Tuesday, December 19, 2017

New Kid or New Clothes?

How much more change can the NHS take? Or are some changes absolutely necessary? Or are some changes needed to correct the wrongs of the last change? I mean...the only thing constant in life is change, right? These are the questions which -as ever- plagues the NHS- when anything new comes along- and based on our bias, belief, ideology or indeed even cynicism, we tag the latest change with a brush which fits the best description. Talk to senior enough folks- and they will nod sagely - the circles of change have left their mark on them...each cycle bringing something new, rehashing old wounds, bringing some fresh. Factor in that, in essence, we are a bit adverse to change in general, throw in the religion that the NHS is...and what a fascinating cocktail it indeed is.

In the context of all that arrives the latest version...the ACS (Accountable Care Systems). Or ACO. Or depending on your view- the Saviour of the NHS. Or the End of the NHS as we know it. There's been enough commentary on it from well known campaigners, political commentators etc so I won't bore you with that- but will give a personal perspective on it. I couldn't really care less what you call it, you can call it Mickey Mouse for all I care- but if anything purports to get organisations together, beyond their individual Key Performance Indicators- or indeed their bottom lines, then perhaps it can only be a good thing. Now I am not as clever as a lot of folks, perhaps even naïve, can't understand the politics of it all...but a vehicle which says get all your money in one place and work backwards for the benefit of the patients- seems like the ideology to which the NHS should be aspiring to anyway. I mean..I don't care what your Service Line Arrangements are- or how gleeful you feel about doing that extra coding to get more money- at the end of the day, it comes from someone elses bottom-line...Left Pocket, Right pocket, same bloody trousers, isn't it?

For years, I have sat and marvelled at the potential for organisations upping the ante at gaining that extra pound- off each other, off each departments...and after a point? It feels like monopoly money. I could give example after example from my time as Clinical Director of an acute and later community trust- where the arrangements could only be described as...cynical. Efforts to balance your own siloed bottom-line while the whole system tanked.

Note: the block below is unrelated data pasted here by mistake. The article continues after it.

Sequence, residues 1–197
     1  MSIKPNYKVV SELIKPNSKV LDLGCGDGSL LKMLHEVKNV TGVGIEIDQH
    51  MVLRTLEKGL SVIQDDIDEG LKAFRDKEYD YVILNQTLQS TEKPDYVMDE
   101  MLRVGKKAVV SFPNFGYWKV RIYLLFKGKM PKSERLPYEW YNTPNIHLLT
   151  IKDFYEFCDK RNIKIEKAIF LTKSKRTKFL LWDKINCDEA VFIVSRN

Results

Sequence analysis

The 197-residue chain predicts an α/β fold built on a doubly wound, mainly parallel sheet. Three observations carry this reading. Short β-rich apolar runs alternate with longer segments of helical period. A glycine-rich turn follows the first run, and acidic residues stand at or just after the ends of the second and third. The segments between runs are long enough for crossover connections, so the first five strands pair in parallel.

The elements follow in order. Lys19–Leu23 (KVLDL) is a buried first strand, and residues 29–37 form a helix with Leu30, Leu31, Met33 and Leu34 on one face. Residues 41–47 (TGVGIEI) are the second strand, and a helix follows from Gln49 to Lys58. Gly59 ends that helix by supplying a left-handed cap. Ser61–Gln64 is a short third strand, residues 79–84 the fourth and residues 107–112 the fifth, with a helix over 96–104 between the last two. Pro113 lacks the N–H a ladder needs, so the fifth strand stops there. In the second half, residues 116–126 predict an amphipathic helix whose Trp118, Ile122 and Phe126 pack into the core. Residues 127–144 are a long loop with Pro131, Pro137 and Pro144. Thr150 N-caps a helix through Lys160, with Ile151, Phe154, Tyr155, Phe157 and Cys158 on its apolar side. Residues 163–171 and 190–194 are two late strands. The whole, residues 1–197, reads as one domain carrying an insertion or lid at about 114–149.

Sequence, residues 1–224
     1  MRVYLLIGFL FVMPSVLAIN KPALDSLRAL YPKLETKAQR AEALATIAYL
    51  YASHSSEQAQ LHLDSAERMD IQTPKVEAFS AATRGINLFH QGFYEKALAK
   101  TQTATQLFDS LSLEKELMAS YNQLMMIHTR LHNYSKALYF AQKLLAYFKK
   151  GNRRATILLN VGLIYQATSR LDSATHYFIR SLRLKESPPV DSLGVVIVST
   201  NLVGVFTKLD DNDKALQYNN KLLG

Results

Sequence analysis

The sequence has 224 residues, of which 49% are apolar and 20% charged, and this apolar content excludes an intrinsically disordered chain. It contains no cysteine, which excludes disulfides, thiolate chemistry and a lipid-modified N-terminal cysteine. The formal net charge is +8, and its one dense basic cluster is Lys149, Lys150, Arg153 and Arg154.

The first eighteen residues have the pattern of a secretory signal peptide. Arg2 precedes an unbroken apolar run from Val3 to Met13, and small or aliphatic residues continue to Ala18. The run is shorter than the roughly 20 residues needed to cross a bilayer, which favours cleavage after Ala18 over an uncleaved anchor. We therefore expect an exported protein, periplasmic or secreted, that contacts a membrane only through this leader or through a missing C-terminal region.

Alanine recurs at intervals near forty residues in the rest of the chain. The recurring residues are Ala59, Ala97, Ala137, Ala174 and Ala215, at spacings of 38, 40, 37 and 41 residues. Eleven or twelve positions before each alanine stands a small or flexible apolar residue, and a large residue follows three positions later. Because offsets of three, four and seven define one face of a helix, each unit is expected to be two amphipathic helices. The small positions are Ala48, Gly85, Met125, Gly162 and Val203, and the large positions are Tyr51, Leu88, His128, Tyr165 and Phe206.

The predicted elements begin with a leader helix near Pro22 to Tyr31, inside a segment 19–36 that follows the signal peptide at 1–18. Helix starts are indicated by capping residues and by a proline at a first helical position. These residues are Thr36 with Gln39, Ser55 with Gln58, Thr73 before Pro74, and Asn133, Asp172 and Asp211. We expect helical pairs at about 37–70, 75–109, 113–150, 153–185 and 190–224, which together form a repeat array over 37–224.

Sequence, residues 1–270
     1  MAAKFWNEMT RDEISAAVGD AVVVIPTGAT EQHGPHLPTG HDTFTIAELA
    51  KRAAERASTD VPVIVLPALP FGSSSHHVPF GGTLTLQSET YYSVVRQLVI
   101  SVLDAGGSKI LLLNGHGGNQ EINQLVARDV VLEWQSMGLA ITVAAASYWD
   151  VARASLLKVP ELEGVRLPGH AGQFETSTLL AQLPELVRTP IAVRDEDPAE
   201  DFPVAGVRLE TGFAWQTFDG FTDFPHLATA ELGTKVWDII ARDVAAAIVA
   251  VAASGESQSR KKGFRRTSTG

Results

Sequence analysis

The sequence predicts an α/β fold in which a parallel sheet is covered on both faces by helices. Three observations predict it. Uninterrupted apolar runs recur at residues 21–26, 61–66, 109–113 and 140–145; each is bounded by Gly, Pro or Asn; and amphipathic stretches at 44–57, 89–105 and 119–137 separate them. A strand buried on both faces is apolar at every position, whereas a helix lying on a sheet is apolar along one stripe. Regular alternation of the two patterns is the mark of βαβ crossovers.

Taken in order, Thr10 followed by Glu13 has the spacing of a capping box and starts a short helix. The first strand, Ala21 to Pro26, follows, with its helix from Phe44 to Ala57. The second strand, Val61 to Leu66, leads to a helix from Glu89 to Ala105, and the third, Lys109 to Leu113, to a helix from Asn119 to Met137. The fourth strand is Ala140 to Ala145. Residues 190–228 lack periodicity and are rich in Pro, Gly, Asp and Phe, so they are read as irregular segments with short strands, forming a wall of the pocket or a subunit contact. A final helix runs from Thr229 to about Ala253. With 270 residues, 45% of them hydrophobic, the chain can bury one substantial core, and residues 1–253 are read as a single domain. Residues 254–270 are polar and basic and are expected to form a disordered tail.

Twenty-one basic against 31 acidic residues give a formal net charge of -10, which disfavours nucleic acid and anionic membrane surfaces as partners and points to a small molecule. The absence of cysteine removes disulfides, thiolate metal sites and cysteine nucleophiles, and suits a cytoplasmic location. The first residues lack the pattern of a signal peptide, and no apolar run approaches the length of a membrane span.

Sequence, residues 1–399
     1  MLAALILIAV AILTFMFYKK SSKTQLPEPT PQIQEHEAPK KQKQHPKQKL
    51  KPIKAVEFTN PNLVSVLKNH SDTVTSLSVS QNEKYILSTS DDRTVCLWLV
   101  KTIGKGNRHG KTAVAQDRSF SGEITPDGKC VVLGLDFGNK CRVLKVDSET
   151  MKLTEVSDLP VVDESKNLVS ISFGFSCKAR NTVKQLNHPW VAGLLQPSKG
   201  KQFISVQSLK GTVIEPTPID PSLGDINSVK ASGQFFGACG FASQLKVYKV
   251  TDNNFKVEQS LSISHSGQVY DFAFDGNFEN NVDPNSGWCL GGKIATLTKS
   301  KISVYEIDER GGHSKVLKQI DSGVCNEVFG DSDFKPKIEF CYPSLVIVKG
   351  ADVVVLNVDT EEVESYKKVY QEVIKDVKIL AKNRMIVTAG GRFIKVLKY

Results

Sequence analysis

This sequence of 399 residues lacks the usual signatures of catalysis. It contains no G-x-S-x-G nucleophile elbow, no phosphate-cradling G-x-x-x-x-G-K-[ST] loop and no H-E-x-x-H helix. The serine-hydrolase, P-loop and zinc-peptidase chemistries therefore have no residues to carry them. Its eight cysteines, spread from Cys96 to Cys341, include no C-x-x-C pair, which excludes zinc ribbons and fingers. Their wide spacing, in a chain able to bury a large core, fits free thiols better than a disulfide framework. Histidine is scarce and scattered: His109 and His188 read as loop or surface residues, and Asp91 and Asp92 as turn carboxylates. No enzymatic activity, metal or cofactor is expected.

Anyhow, so what can ACS do? Well, very little to be honest- without the belief of the folks involved in it. Or their ability to convince the majority. Its not about convincing all- heck, we didn't manage that even with slavery or racism- so why try anyway. Its more about inspiring others to believe. A structure is as good as the players involved in it- a bit of a footballing analogy- but it doesn't really matter what sort of Tiki-Taka or False 9 you play with- if you don't have the folks to execute it. Or the belief they can. Or...more importantly- unlearn years of behaviour ingrained in them. As regards the scrutiny of the process, if the Healthcare Select Committee is looking into it,maybe the process will give some assurance- maybe it won't. I don't know- all I do know is this...it really doesn't matter even if all the money in the world appeared- the raw fact is we are still a fair bit away from having the ability to work together-as a system. We are still...primary care, secondary care, community providers....and so it has been for ever. Can we unlearn that? Can the system leaders switch their way of thinking? Or is it time for a fresh generation to try? To me, the structure gives the foundation- whether we can build on it, boils down to our thinking and approach

In short,  as ever- who knows. As Christmas approaches and we enter a period of bonhomie, maybe its time for us to save the NHS - just by gaining the ability to work together- from one pot of money- as well as developing the ability to argue for a bigger contribution to the pot-as a collective. Maybe we could. Maybe Santa may bestow that gift upon us all.

Or at the very least, one could always dream. I wish you all a very Merry Christmas indeed x

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